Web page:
hydrophobic
proteins
(more tightly
bound).

Cytochrome c
-chymotrypsin

RNAseA

Lysozyme

Proteins separated in order of increasing surface


hydrophobicity

Factors affecting HIC


The main parameters to consider when
selecting HIC media and optimizing
separation processes on HIC media are:
Ligand type and degree of substitution
Type of base matrix
Type and concentration of salt
pH
Temperature
Additives

1.Ligand type affects


protein absorption
because interactions
may not be strictly
hydrophobic
Straight chain alkyl
ligands show pure
hydrophobic character
whereas with aryl ligands
both aromatic and
hydrophobic
interactions are possible.
Choice of ligand is
empirical and must be
established by

Degree of substitution
Binding capacity of protein
to HIC increases with
increased alkyl chain
length and increased
degree of substitution of
immobilised ligand
Caution: protein can bind
via multipoint attachment,
thus difficult to elute

2.Type of base matrix


Important to take note that selectivity will
not be exactly the same even with the same
type of ligand if the base matrix is different
Two widely used supports are cross-linked
agarose and synthetic copolymer materials
May be necessary to modify adsorption
and elution conditions

3.Type and concentration of


salt
Salts that produce relatively higher salting out (eg
Na, K or ammonium sulfates) effectively promote ligandprotein interactions in HIC

Amounts of protein bound increases almost linearly


with increase salt concentration
Bound proteins are desorbed by washing the HIC
column with dilute buffer solutions (near neutral pH) or
water.
Influence of different salts on HI predicted by
Hofmeister series
ANION
sulphate>chloride>bromide>nitrate>perchlorate>iodide

4.pH
Effect of pH on HIC is not straight forward.
In general an increase in pH weakens
hydrophobic interactions.
Decrease in pH leads to an apparently increase
in hydrophobic Interaction
It is observed that proteins which do not bind
to HIC
adsorbent at neutral pH, bind at acidic pH.

5.Temperature
Visser and Strating (1975): that role of
temperature is a complex issue .
Binding of proteins to HIC adsorbents is
entropy driven (Hjerten, 1976), ie interaction
increases with increase in temperature
This could be due to differential effects by
temperature on the conformational state of
different proteins and solubility in solution

6.Additives
Salts that cause salting-in will weaken
protein-ligand interactions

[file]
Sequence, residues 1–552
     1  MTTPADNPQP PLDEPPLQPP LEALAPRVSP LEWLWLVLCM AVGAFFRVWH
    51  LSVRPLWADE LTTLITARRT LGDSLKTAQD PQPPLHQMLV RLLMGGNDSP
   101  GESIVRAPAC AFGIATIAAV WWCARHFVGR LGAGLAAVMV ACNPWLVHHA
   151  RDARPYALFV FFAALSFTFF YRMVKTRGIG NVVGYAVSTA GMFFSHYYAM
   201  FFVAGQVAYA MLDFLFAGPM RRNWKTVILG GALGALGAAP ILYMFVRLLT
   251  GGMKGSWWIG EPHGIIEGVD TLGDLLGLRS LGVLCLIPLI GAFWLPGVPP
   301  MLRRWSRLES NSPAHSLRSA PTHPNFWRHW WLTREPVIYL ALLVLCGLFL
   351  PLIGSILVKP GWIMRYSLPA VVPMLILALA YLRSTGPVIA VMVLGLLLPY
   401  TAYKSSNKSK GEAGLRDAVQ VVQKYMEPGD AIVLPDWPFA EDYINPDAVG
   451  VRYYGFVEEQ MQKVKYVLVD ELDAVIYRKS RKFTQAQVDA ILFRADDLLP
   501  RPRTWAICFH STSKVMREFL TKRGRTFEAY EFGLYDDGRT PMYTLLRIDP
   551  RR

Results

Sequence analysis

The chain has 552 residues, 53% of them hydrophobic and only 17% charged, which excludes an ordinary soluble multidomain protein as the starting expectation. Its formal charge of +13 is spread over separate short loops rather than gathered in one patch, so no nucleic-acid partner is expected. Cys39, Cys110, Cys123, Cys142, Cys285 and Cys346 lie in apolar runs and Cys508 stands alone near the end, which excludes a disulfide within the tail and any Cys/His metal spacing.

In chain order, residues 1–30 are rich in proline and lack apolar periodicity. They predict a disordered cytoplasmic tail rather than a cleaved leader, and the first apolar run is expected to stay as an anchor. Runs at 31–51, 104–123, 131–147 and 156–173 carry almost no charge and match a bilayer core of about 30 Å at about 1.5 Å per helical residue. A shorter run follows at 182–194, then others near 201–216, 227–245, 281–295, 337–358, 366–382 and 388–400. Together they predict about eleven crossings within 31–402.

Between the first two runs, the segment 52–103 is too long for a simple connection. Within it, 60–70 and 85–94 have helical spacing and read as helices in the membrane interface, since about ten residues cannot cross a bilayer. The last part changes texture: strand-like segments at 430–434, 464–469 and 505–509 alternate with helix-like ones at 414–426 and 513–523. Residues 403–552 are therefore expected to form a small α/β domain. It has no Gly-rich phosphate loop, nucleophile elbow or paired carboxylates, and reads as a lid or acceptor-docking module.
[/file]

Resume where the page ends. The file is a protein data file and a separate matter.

Alcohols and detergents (non-polar parts)
can compete with protein for HIC absorbent
sites and may displace proteins

Biopolymer (phenyl agarose Binding Surface)


Driving force for hydrophobic adsorption
Water molecules surround the analyte and
the binding surface.
When a hydrophobic region of a
biopolymer binds to the surface of a
mildly hydrophobic stationary phase,
hydrophilic water molecules are
effectively released from the surrounding
hydrophobic areas causing a
thermodynamically favorable change in
entropy.
Temperature plays a strong role
Ammonium sulfate, by virtue of its good
salting-out properties and high solubility
in water is used as an eluting buffer

Stationar
y phase
bio
po
r
lym

Hydrophobic regi

Main steps in HIC


1. Preparation of HIC GEL
2. Column packing and
equilibration
3. Bind protein to HIC media at high
salt concentration (0.5 M
ammonium sulfate)-high salt
solution increases the
hydrophobicity of protein by
exposing hydrophobic regions
4. Wash column with buffer
of similar salt concentration--allows
proteins with various levels of
hydrophobicity to gradually unbind
from the stationary phase and be
collected in a test tube
Batch wash: 0.5M, 0.3M, 0M
5. Elute column with decreasing salt
concentration
Gradient type: For example, 0.5 to 0M

Elution with decreasing salt concentration


used in purification of acid phosphatase
from bovine cortical bones

Elution with decreasing polarity of eluent


used in purification of human pituitary
prolactin

Elution using detergent used for


separation/purification of proteins

Advantages of HIC
Large volume of sample can be loaded
Samples with high ionic strength can be
used
Well suited to use before gel filtration,
ion-exchange and affinity chromatography
Sample eluted with low salt